Look at the area just below and to the left of the "spur" and imagine what it would look like a couple of hours later at sunset.
_________________
When all is said and done - sit down and shut up!

<font size=-1>[ This Message was edited by: Kaptain K on 2002-07-19 20:24 ]</font>

David Hall
2002-Jul-20, 02:32 PM
I wonder if there's some confusion over just where the "spur" is. There's a solid dark shape sort of like the profile of a thumbtip pointing upwards next to the cloud bank. That one to me looks like it's probably natural and a consequence of the cloud shapes that form it. Ian R's links seem to bear me out here.

But there's also a fuzzier, lighter downward pointing shape over the ice-field of the north pole. That one doesn't look natural to me. It looks like an out-of-focus something in front of the lens.

Combine it with the other spur shape and it seems to lend a kind of bulge along the terminator there, though I think now that that is just an optical illusion.

David Hall
2002-Jul-20, 02:52 PM
You know, there was another thing I was wondering about this photo. Is that actually the north pole there? Since there are no visible land-masses to give us orientation, mightn't it be inverted and that's really the south pole there? Since A-13 flew in April both poles would have been roughly equally lit at that time. I don't know what the return trajectory was like, so I'm not sure what the camera angle would have been.

I'm thinking it's probably the north pole, but now I can't stop wondering. /phpBB/images/smiles/icon_confused.gif

JayUtah
2002-Jul-20, 11:22 PM
It might very well be the south pole. The typical hybrid trajectory went under the ecliptic.

GrapesOfWrath
2002-Jul-21, 01:55 AM
Which way are the clouds swirling? :)

Or is the photo reversed?

Questions to ponder on a cold July winter night.

therealdeal
2002-Jul-21, 07:09 AM
people need to realize that it could just be a whale. sometimes whales grow to be hundreds of kilometers long, or it could be a sea bird. flying looking for some whales to eat. Birds that large would need to eat whales, but it really is a paradox because whales can't fly.

Ian R
2002-Jul-30, 12:06 AM
This is another scan of the same photograph, and although the resolution is much lower, the "spur" doesn't seem to be visible:

http://www.lpi.usra.edu/research/apollo/images/AS13/60/8591.jpg

Here are all of the other Apollo 13 pictures from the same magazine:

http://www.lpi.usra.edu/research/apollo/bin/catalog/magazine.html?60

(Many thanks to 'Fly Me To The Moon' for providing the links to this great site.)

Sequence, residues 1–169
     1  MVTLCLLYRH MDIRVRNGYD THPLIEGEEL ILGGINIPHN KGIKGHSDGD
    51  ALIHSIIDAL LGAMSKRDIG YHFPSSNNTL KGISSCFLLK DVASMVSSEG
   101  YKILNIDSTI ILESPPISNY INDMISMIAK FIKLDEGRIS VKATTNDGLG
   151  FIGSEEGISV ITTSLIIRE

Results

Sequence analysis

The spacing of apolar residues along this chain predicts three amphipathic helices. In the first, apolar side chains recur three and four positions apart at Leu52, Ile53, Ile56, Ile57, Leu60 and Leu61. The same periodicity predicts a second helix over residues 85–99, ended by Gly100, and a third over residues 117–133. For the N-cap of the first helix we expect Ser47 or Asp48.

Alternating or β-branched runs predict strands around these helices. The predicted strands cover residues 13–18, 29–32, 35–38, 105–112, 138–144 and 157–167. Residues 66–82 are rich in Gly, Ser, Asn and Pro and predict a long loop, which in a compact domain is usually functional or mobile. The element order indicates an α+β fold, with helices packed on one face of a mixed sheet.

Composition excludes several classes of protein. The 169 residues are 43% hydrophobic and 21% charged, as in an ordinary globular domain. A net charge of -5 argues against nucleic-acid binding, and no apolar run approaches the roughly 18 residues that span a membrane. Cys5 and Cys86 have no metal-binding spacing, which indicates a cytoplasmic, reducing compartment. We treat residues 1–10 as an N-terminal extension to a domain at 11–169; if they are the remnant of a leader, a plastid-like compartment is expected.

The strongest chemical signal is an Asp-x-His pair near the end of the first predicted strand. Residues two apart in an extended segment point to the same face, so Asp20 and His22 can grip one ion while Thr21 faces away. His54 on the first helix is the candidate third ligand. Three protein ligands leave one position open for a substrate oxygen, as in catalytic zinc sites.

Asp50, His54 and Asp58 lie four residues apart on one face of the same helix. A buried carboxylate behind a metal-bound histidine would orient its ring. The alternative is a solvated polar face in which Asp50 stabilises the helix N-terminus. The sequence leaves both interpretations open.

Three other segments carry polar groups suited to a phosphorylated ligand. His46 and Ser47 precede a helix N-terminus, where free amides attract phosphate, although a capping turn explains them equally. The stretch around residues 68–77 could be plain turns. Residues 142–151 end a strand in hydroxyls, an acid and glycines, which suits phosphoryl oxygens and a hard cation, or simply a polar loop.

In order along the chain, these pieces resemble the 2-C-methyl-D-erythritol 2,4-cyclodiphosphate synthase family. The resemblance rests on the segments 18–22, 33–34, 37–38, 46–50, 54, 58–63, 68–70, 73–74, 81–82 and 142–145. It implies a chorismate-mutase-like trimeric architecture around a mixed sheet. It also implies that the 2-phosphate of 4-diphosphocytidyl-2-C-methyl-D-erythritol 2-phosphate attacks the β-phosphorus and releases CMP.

2002-Jul-30, 01:34 AM
<a name="20020729.5:25"> page 20020729.5:25 aka YES?yes
On 2002-07-14 21:30, CzC wrote: To: HUb'
5:25 P.M. after many years of not gettingthe pic{$}
I did find a way [by replying with a Quote]
Any thoughts? ::: i can remove the img parts and make a link to download

http://www.business.uab.edu/cache/images/as13-66-8591.jpg

Not that i will mind you::
BUT I DID .. find a way to do this [ hip hip do a Flip ] !!.!

Ian R
2002-Jul-30, 02:33 AM
Congrats!!

CzC
2002-Jul-30, 08:24 AM
What are the chances that this could be the 'spur'? It's from Apollo 15 but what is it? Got it from that site Flymetothemoon posted.

AS15-96-13039 (http://www.lpi.usra.edu/research/apollo/images/AS15/96/13039.jpg)
http://www.lpi.usra.edu/research/apollo/images/AS15/96/13039.jpg

CzC

AstroMike
2002-Aug-03, 05:04 AM
I'm not sure what that is. Does anybody else know?

JayUtah
2002-Aug-03, 07:37 AM
I honestly haven't had the time to research it. I finally got a day job building huge Linux computing clusters, and I'm in a play that's in the final week of rehearsal preparing for a six-week run.

Obviously the photo was taken from the CM, and that limits what can legitimately appear in the photo. It would have to be some part of the CM, but it doesn't resemble any part I can name right off. I'd have to go look at some blueprints, and I don't have the time right now.

Donnie B.
2002-Aug-03, 01:50 PM
Hmmm...

Flush lever for the Space Loo?

Actually it looks like one end of a handhold or equipment rack handle... if there were any such things near the CM windows.

Joe Durnavich
2002-Aug-03, 02:23 PM
As a guess, I would say it is the end of one of the boom arms of the satellite they deployed on 15. But I didn't think the arms were extended until the satellite was released.

johnwitts
2002-Aug-03, 02:58 PM
Looks like the Loch Ness Monster if you ask me! /phpBB/images/smiles/icon_smile.gif